Can you imagine living well into your 90s and being able to eliminate virtually all of the aches and pains that you may develop from time to time?

Ninety-six-year-old Bonnie Prudden, a longtime physical fitness advocate, stays pain free—even though she has arthritis that led to two hip replacements by using a form of myotherapy ("myo" is Greek for muscle) that she developed more than 30 years ago.

Now: Tens of thousands of patients have successfully used this special form of myotherapy, which is designed to relieve "trigger points" (highly irritable spots in muscles) that develop throughout life due to a number of causes, such as falls, strains or disease.

By applying pressure to these sensitive areas and then slowly releasing it, it's possible to relax muscles that have gone into painful spasms, often in response to physical and/or emotional stress.

A simple process: Ask a partner a spouse or friend, for example) to locate painful trigger points by applying his/her fingertips to parts of your body experiencing discomfort-or consult a practitioner trained in myotherapy.*

*To find a practitioner of Bonnie Prudden's myotherapy techniques, go to or call 800221-4634. If you are unable to find a practitioner near you, call local massage therapists and ask whether they are familiar with the techniques.

If you're working with a partner, let him know when a particular spot for each body area described in this article is tender.

Pressure should be applied for seven seconds (the optimal time determined by Prudden's research to release muscle tension) each time that your partner locates such a spot.

On a scale of one to 10, the pressure should be kept in the five- to seven-point range--uncomfortable but not intolerable.

The relaxed muscles are then gently stretched to help prevent new spasms.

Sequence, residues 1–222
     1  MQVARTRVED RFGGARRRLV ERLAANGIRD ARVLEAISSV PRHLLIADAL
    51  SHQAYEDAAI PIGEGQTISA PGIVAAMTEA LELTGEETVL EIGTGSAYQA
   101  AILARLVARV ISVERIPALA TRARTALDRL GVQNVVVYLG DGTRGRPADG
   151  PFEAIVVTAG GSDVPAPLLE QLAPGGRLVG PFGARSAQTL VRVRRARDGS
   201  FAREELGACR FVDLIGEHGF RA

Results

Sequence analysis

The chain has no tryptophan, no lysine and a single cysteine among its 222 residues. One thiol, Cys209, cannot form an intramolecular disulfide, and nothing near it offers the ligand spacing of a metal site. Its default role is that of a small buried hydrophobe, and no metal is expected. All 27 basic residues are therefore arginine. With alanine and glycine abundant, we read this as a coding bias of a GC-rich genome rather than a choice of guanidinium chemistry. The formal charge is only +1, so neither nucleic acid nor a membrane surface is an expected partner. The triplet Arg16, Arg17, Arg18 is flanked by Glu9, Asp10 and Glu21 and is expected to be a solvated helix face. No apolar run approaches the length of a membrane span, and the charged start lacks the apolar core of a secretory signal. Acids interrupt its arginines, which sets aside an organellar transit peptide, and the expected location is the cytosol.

If you prefer to treat yourself: Use a "bodo," a wooden dowel attached to a handle, and a lightweight, metal "shepherd's crook" to locate trigger points and apply pressure. Both tools are available at 800-221-4634,

For areas that are easy to reach, use the bodo to locate trigger points and then apply pressure to erase them. For spots that are difficult to reach, use the shepherd's crook (see photo at left) to find and apply pressure to trigger points.

As an alternative to the specially designed tools, you can use your fingers, knuckles or elbows on areas of the body that can be reached easily. Com

mon types of pain that can be relieved by this method…**

Shoulder Pain

Finding the trigger point: Lie face down while your partner uses his elbow to gently apply pressure to trigger points that can hide along the top of the shoulders and in the upper back. If you are very small or slender, your partner can use his fingers instead of his elbow.

Place one of your arms across your back at the waist while your partner slides his fingers under your shoulder blade to search for and apply pressure to additional trigger points. Repeat the process on the opposite side.

While still lying face down, bend your elbows and rest your forehead on the backs of your hands. With his hands overlapped, your partner can gently move all 10 of his fingers along the top of the shoulder to locate additional trigger points.